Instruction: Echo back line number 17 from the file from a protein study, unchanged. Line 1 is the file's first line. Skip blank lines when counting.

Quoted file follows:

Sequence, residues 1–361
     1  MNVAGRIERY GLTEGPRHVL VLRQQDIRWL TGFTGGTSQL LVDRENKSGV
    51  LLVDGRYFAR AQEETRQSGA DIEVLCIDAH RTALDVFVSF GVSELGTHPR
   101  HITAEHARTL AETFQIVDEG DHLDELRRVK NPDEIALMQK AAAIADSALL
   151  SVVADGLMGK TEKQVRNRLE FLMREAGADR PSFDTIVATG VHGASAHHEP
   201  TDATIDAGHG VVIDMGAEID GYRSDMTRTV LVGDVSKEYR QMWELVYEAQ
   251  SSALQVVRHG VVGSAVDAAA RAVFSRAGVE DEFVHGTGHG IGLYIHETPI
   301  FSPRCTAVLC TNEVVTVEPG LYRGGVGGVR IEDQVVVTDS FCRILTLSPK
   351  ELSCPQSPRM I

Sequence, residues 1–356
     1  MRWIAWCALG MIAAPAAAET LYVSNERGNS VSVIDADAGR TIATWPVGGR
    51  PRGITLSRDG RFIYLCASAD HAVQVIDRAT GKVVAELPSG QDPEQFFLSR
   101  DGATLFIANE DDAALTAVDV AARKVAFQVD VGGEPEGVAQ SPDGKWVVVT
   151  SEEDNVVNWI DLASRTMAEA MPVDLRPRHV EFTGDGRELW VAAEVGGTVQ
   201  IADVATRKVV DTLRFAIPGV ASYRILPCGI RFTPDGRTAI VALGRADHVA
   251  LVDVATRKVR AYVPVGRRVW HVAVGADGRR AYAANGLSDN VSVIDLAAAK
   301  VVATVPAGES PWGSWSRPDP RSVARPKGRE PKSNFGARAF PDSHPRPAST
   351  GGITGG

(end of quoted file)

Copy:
   301  VVATVPAGES PWGSWSRPDP RSVARPKGRE PKSNFGARAF PDSHPRPAST